I missed out on the fireworks when this issue originally came out and various forces held it up as a prime example of how the social justice warrior agenda is ruining Marvel Comics. Ignoring that Marvel Comics has a long history of doing this sort of thing (and indeed was build upon the work of several Veterans who specifically used their art to make political points) to say that an X-Men comic is not meant to be political seems incredibly ignorant.
For the sake of argument, let's consider this story as an action epic, free from Tom Taylor's drawing parallels between the social-media Sentinels that reprogram people's brains to turn them into anti-Mutant activists and the use of fake news in modern society. Does this comic still hold up? Yes. Taylor writes a fantastic action sequence and the battle in which we see the X-Men placing themselves between an army and a group of refugees is a thrilling one.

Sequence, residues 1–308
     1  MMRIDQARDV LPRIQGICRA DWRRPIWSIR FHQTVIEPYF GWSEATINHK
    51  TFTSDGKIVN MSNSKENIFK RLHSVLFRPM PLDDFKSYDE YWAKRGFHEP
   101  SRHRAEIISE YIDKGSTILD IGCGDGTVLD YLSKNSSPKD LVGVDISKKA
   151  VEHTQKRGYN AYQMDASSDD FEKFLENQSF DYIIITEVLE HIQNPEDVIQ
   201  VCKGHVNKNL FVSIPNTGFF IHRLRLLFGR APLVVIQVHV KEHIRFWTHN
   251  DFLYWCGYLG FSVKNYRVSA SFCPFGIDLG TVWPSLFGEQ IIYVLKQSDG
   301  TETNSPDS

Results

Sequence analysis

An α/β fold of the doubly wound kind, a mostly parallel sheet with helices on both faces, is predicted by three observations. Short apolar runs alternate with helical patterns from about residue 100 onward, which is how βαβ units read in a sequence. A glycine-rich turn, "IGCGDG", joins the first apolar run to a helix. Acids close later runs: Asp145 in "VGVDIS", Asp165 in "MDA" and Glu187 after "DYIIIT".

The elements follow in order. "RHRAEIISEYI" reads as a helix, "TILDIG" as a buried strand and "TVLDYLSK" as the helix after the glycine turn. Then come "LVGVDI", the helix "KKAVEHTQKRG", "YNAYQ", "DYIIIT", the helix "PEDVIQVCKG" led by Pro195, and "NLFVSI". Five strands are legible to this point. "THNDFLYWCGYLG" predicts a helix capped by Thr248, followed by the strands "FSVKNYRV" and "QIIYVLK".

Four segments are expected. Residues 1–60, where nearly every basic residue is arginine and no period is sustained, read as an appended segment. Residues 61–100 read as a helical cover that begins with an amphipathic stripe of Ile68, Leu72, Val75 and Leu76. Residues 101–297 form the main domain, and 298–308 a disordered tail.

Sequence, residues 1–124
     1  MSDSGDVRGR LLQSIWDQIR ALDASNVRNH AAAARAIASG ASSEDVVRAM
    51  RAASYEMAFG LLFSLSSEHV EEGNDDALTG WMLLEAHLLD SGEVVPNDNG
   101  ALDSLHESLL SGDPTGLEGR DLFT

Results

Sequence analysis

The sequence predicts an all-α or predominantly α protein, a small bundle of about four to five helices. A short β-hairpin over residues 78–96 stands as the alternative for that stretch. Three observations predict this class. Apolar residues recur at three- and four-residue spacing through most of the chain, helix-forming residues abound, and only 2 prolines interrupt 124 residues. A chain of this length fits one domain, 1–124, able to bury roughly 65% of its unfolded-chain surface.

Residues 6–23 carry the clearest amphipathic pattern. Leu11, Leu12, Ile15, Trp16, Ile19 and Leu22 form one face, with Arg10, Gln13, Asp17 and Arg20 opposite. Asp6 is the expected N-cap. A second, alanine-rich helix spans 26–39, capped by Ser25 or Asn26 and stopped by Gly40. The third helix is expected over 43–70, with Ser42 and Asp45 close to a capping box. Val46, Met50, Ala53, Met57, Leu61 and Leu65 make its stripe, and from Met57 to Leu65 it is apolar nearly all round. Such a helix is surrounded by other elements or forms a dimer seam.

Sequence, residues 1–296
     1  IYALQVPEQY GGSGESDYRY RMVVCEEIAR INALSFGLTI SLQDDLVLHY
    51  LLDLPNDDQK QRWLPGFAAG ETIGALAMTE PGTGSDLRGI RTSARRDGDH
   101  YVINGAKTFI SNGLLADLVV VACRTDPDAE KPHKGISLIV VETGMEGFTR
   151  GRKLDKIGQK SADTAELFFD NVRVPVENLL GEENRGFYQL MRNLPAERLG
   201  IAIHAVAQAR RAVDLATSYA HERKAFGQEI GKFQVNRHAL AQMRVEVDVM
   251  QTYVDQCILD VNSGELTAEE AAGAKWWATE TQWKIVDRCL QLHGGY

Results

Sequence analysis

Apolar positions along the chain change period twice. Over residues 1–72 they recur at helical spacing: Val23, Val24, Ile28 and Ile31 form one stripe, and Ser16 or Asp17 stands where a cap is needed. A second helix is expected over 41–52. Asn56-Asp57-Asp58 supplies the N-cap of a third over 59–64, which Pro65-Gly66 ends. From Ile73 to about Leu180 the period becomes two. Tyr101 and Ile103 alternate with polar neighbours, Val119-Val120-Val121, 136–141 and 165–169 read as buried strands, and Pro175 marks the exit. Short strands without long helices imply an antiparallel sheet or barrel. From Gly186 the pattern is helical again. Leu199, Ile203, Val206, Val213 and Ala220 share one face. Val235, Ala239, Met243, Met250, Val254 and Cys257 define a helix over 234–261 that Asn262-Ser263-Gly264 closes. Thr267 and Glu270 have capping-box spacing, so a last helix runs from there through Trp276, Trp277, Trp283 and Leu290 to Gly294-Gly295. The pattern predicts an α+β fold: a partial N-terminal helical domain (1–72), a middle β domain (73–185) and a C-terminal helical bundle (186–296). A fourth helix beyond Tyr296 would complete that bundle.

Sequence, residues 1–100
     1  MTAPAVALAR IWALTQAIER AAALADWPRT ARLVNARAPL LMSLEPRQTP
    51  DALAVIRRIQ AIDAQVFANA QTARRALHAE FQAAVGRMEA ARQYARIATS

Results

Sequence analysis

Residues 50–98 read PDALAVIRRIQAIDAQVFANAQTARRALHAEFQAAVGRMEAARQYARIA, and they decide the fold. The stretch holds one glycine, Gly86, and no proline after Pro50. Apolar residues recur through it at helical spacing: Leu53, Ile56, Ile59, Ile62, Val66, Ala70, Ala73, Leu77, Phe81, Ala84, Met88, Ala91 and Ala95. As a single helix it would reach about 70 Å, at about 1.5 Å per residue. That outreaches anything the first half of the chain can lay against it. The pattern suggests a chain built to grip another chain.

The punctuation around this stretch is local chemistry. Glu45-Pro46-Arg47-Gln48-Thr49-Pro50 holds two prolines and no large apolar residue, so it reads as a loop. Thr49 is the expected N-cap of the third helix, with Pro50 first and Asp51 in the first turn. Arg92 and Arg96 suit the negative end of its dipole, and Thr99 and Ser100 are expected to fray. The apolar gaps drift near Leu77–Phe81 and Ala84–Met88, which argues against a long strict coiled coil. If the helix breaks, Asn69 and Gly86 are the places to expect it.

All of this is ably illustrated by Mahmud Asrar, whose shadowy, heavily-outlined style is a good fit for the grim world that Taylor's script reveals. The colors are largely dull, save for the colors of the X-Men in their costumes - a brilliant conceit by colorist Rain Beredo that makes our heroes stand out like the beacons of hope they should be in a dark world. The letters by Cory Petit are well done, with a wide variety of texts in the caption boxes, the news scrolls and the action balloons.
Let the broflakes cry. This is X-Men done right, modernized for the 21st century - as political and powerful as it should be.
The Final Analysis: 9/10. The best X-Men book in years!